Are You Steve Jobs in Your Business?

The World of Macintosh, filled with more people with more fanaticism than World of Warcraft, is all abuzz (and atwitter and ablogging) about MacWorld. Why this year more than most? Because this is MacWorld's swan song, since Apple says they will no longer put on this annual January show. Even worse, Steve Jobs won't address the pilgrims, er, attendees, so the WOM is full of speculation Steve may retire. They can't imagine Apple without Steve Jobs. Can you imagine your company without you or other critical employees? Can your customers?

Ignoring the horde of AppleNuts, and there are seemingly millions, the idea of Steve Jobs leaving Apple makes many watchers nervous for Apple. Many feel only Steve can lead Apple. While a nice testament to Steve's charisma, this may be an indictment of his leadership. If no one can imagine Apple After Steve, we can certainly say Steve hasn't properly planned for all contingencies of management. After all, everyone can be hit by that proverbial truck at any time.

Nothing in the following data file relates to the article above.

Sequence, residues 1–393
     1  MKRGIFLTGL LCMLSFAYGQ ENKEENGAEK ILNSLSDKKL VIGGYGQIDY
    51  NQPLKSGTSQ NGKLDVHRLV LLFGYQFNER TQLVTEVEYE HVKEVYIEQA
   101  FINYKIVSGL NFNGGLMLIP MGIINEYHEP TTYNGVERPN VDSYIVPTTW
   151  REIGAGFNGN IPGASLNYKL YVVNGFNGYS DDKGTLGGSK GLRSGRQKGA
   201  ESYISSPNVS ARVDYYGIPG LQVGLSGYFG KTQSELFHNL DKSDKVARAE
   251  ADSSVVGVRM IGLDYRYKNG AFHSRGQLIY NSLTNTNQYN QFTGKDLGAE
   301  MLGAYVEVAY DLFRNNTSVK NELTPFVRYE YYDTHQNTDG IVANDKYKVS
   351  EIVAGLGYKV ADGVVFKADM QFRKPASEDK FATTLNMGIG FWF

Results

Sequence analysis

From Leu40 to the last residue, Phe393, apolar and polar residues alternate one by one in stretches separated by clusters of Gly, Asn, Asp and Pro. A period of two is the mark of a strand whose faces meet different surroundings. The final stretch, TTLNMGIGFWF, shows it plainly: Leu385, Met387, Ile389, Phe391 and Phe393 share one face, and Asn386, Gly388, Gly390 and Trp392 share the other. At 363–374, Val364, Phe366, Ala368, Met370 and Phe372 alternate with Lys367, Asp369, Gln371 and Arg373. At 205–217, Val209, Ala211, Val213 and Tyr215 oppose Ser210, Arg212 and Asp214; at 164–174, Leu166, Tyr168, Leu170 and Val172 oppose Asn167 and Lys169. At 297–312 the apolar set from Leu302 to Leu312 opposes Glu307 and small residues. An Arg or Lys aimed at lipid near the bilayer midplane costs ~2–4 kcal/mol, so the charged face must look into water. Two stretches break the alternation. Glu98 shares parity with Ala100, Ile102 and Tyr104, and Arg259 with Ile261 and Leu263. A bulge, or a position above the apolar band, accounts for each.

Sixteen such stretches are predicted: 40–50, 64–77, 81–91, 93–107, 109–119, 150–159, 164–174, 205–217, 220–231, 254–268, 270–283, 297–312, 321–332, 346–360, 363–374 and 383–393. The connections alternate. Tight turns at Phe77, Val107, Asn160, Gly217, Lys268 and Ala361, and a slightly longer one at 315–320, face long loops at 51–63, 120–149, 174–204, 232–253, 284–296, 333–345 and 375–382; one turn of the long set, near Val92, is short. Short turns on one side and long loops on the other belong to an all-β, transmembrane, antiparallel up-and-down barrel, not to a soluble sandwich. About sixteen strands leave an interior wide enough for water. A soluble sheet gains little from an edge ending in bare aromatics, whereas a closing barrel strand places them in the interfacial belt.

What about your business? I'm not trying to be morbid about your demise, but rather asking if functions in your company are run by employees doing their own thing, or employees following the job descriptions and processes put in place by management. If you can't imagine a job being done properly without the person in that slot now staying in that slot, you have a business problem to address.

If this description of the non-replaceable employee describes you, start taking action to make it easier to replace yourself. Why? You can't get promoted if no one else knows how do to your job. If you're the only IT person in your small company, you'll pass up better opportunities elsewhere out of a sense of loyalty to your current business and to avoid leaving a disaster in your wake.

A sense of loyalty to your employer is wonderful. A sense of being stuck means your management hasn't done their job. Worse, it means they rely on you to react to problems rather than using planning and foresight to avoid those problems. With planning and foresight, and a good set of defined processes, someone else can step in and do your job. This makes it easier on you and much easier on your company.

Emulate Steve Jobs for his vision, his sales and communications skills, and his drive for quality. Don't emulate his need to be the one and only face of Apple. If Steve steps in front of that proverbial truck, he would want Apple to continue without him. That requires planning, foresight, and defined job processes.

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